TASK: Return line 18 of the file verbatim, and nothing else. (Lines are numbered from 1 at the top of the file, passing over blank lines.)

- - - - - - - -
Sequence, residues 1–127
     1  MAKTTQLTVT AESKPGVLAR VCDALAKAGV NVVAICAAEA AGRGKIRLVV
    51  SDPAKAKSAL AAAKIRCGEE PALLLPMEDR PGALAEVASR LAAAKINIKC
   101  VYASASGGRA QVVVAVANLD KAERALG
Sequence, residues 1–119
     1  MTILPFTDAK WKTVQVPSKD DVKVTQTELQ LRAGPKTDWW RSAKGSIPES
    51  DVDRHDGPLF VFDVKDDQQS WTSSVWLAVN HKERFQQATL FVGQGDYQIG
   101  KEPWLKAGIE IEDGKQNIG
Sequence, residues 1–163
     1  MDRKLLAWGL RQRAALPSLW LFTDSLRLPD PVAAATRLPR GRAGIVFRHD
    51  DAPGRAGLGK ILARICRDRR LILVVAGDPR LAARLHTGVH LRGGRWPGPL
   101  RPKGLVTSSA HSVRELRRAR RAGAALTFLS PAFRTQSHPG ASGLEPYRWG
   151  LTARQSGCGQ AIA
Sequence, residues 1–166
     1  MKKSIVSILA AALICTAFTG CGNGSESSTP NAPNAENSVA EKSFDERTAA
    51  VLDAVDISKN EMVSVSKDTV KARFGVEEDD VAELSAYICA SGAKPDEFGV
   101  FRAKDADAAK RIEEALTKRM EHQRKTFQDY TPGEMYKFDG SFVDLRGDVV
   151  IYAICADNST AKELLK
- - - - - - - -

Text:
   151  IYAICADNST AKELLK